(this post is less useful than even those misnamed ‘really useful’ boxes)
Look at this. Look at it! Yes, it is the, relatively unexceptional, website of a stationery company, but look at the product advertised on the scrolling box, right in the middle of the page: ‘Really Useful Boxes‘? Right…
There are a few problems with such a product name, starting with its ambiguity: is ‘really’ an adjective, referring to these products that are uninventively named ‘useful boxes’, or is ‘useful’ another adjective, meaning these products are being branded exclusively as ‘boxes’; yes, the name is functional and some of the most honest advertising in the world, but the marketing department has done little to makes these boxes stand out from any of the other quality box retailers in the UK.
But perhaps the ‘really useful’ prefix is part of the name of the product itself, an idea supported by the fact that on the second Ryman page I linked to, each of these products is referred to as a ‘Really Useful Box’. However, this terming is also problematic: the use of these adjectives suggests that usefulness (and a great deal of it) is an inherent part of the product; that by the very nature of this translucent cube, I will find a use for it in my life.
So what if I can’t use it usefully? What if I don’t have 35 litres (why the Hell are these the units to measure solid objects) of stuff to store in it, and it is only half-full? Then it is not ‘really useful’, as I have only found a use for half of the box. If anything, it is economically inefficient; I dropped thirteen quid on the box, only to use about six quid of its storage space.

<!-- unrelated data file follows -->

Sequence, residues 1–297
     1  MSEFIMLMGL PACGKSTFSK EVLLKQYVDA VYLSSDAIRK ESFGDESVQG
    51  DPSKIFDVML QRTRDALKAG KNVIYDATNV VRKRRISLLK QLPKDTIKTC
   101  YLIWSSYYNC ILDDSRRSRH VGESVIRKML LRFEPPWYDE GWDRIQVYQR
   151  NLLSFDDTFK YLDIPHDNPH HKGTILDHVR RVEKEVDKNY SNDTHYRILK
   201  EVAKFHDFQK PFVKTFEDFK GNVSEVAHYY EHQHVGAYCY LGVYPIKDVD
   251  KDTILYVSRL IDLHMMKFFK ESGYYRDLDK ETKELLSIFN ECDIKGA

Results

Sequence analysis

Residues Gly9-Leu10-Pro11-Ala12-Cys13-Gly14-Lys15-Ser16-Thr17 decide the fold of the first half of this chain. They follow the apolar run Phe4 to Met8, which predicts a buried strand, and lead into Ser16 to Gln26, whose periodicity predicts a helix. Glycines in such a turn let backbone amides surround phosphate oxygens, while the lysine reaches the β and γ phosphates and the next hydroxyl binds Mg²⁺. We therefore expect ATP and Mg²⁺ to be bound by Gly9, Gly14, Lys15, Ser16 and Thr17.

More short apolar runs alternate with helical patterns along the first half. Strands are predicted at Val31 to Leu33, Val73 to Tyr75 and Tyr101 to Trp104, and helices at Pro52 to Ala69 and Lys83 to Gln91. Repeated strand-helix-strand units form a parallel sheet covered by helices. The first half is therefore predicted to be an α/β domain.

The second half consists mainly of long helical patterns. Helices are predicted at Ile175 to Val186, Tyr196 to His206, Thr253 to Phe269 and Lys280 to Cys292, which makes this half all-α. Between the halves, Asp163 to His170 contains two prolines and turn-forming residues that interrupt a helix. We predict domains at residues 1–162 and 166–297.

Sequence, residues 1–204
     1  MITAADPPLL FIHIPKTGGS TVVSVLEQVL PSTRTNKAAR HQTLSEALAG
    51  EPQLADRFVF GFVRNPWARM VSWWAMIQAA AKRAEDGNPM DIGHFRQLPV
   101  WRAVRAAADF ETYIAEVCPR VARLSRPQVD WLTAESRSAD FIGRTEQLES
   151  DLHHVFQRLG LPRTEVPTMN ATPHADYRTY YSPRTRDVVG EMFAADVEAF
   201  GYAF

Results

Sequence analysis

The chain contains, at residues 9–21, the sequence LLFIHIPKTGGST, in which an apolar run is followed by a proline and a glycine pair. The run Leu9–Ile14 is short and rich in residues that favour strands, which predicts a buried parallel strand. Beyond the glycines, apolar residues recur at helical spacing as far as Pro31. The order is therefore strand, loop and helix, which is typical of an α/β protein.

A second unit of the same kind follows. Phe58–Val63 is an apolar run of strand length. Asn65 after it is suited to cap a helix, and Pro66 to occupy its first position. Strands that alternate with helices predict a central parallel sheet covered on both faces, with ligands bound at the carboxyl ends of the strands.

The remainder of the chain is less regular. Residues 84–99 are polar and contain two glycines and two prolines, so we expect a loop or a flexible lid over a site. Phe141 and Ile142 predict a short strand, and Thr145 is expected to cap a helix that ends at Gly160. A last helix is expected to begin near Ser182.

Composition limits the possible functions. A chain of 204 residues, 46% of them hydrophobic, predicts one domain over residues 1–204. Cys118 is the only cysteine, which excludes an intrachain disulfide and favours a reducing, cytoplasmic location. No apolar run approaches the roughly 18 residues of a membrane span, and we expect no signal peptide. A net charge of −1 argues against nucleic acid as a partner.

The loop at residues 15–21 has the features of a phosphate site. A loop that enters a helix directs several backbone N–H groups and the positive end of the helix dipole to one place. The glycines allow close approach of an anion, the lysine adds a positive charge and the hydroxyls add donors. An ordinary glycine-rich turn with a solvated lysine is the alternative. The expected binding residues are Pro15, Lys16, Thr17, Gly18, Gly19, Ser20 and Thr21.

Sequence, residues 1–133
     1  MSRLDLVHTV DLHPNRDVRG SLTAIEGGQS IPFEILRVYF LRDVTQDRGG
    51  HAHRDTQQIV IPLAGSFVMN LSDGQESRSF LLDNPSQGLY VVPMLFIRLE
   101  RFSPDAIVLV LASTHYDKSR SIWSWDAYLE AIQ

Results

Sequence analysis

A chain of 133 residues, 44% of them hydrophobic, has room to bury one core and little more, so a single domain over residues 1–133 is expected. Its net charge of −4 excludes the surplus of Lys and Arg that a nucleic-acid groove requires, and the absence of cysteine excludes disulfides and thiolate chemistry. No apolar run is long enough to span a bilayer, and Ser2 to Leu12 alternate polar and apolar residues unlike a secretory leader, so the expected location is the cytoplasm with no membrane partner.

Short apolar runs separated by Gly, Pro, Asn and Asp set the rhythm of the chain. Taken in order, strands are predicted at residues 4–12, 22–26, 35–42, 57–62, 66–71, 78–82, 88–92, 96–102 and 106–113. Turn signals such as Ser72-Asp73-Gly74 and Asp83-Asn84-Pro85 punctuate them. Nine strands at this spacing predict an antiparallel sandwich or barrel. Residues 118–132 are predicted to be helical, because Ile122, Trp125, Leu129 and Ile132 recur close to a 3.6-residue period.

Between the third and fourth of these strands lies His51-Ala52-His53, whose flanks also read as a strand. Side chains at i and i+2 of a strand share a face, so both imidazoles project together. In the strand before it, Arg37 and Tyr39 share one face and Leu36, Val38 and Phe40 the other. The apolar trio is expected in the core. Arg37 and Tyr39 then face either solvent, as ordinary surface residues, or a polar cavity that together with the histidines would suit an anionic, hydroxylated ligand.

And does the tag of ‘really useful’ extend to uses beyond that of storage? I could have a surprisingly large door, that needs an empty, 35 litre, pinks storage box to prop open, as conventional doorstops just won’t cut it. Is the guarantee of great usefulness valid here? If the box is a rather ineffective doorstop, can I take it back to the store and demand a refund on the grounds that ‘really useful’ is false advertising?
This relationship with Ryman itself is another way in which the ‘really useful’ tag makes no sense; if I want to return the product and claim that it was not as ‘really useful’ as the name suggests, how do they go about testing the box’s usefulness? Do they run it through certain scenarios that the customer tried to use the box within, and advise them on how better to use their box? Or do they throw out the claim of unusefulness by dismissing the customer as an uneducated oaf who can’t use a box properly?
A lot of this stems from the ambiguity of ‘really useful’; it may be designed to hold your crap really well, leading to this tag, but it might suck as a doorstop. Does the promise of usefulness extend, therefore, to unconventional uses?
If so, where do we draw the line? It will obviously not work as a football due to its cubic shape, but the generality of ‘really useful’ would suggest it will perform well in any situation, right? This product seems far too vaguely named to have a defined purpose, a purpose which is necessary in relation to practical decision-making, such as deciding whether to award customers compensation.
The bottom of Ryman’s website encourages viewers to ‘Give us a call’ if you ‘can’t find what you were looking for’; I was looking for clarity in names of products, and I don’t think a simple phone call will repair their company’s apparent waywardness with the naming of their products.